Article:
I was aware that a child born to a single mother is different, but I also felt like our society has reached a pretty nice point of accepting the various different kinds of families that there are. It certainly would be an issue, but it wouldn't have to be anything very bad.

What was the conversation like when you finally had to tell Sprax [your husband] "by the way, there's another man there?"

That came very early on! That came basically on our second date. What was good about that was it was so early on that it could just kind of be put into the mix from the get-go. It wasn't some sort of horrible surprise for him. It was oh, I've met this woman and one thing about her is she's planning to have a baby soon and she already has the sperm. 

I don't know if you've seen there's a movie coming out with J-Lo where she's done that whole thing. Are you planning to see it?

I saw the trailer, and there was one moment in the trailer that looked really good -- they're lying in bed and the guy says to Jennifer Lopez "I love you," and her reponse is to hop up from the bed and throw up in the sink! I think it's going to be just one more stupid Jennifer Lopez movie, but it is almost uncanny the similarities that it bears to our story.

Although, you know, the major difference is that she actually did have -- I think they were twins -- with donor sperm, whereas none of the three of us ended up actually using the sperm.

But there is that magic sperm effect. We have all kinds of theories about it, but we think maybe it has something to do with the fact that there can kind of be magic when you finally take action and just go for what you want.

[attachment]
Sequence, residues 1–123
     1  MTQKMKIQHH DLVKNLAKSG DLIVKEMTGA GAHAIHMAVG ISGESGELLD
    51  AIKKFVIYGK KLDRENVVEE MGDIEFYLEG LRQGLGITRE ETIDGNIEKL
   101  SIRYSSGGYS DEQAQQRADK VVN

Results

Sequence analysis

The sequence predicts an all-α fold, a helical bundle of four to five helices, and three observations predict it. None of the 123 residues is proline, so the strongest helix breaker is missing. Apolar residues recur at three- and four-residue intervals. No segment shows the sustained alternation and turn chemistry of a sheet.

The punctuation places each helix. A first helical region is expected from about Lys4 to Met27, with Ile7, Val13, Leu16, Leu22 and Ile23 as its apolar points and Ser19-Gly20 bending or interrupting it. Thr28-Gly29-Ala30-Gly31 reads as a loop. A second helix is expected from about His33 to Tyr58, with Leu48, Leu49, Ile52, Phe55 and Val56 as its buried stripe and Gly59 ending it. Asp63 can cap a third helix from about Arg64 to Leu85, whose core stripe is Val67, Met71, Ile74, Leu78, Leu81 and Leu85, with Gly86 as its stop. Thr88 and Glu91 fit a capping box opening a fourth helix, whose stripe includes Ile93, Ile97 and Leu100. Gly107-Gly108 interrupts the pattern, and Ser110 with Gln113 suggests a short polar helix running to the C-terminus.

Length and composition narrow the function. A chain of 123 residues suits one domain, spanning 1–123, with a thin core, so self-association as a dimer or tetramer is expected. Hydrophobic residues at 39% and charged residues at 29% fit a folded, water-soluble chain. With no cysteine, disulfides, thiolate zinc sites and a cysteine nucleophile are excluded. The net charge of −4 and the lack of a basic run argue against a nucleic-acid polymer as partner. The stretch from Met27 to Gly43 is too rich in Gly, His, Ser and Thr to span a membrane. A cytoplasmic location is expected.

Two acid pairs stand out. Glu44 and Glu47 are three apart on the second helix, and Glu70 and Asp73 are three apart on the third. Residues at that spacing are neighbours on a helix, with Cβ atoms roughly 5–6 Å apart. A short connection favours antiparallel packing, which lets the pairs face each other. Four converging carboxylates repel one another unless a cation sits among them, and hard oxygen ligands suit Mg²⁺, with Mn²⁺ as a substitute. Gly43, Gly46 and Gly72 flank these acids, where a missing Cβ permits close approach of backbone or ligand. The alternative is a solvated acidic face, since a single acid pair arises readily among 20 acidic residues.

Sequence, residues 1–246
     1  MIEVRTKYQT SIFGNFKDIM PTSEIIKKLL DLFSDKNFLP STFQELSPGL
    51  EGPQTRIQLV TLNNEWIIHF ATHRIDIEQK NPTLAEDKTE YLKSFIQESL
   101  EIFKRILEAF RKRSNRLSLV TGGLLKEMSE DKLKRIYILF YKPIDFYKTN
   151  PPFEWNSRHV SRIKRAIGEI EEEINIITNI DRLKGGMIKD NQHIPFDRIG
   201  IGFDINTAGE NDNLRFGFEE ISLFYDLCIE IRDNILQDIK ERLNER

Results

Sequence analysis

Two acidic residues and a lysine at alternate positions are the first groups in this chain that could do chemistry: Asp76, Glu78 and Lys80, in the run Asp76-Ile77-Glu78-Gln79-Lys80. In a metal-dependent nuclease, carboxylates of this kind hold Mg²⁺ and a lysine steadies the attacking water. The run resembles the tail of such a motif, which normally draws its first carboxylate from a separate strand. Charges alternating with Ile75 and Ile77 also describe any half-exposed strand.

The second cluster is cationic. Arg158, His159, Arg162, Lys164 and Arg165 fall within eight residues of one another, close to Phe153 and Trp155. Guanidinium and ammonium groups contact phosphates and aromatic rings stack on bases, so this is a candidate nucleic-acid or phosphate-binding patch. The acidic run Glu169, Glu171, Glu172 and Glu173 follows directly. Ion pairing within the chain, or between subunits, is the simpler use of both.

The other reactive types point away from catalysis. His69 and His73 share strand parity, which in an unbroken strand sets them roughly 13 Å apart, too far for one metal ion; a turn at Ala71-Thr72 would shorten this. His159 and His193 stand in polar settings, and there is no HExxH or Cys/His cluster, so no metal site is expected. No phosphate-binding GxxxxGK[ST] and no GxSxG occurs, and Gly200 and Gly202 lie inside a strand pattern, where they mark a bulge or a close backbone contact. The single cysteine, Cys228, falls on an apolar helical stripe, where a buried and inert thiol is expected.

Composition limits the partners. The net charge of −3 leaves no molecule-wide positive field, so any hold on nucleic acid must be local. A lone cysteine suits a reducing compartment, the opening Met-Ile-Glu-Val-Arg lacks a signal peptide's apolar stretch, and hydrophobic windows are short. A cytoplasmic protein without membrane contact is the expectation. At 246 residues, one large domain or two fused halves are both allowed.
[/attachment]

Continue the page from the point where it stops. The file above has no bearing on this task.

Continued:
Have you been surprised by the public response to the issue?

There's actually a Jennifer Aniston movie coming out too, based on a Jeffrey Eugenides story called The Baster. I think they changed it to something like The Switch!

But it was very interesting to me that the entire time I was preparing to become a single mother and then actually was a single mother because Sprax was always around but he and I broke up when I was three months pregnant, and we didn't get back together until our daughter was almost 2, so there really was quite a long period where I was a single mother. But, in that whole time, I never got any flak from anybody about the decision. At least not to my face.

That was amazing to me, because it made me think that at least in the sheltered circles where I travel it's actually not that big a deal anymore. But then an excerpt of the book ran in the Boston Globe Magazine, and they had to turn off the comments because they were getting so many nasty comments from people. It must really vary a lot depending on your social milieu.

One thing that hasn't surprised me is there's a great deal of interest in it. It's a hot button issue, and even though very few women end up becoming single mothers, I think a great many of us think about it at some point.

Did you consider -- or go -- the sperm donor route?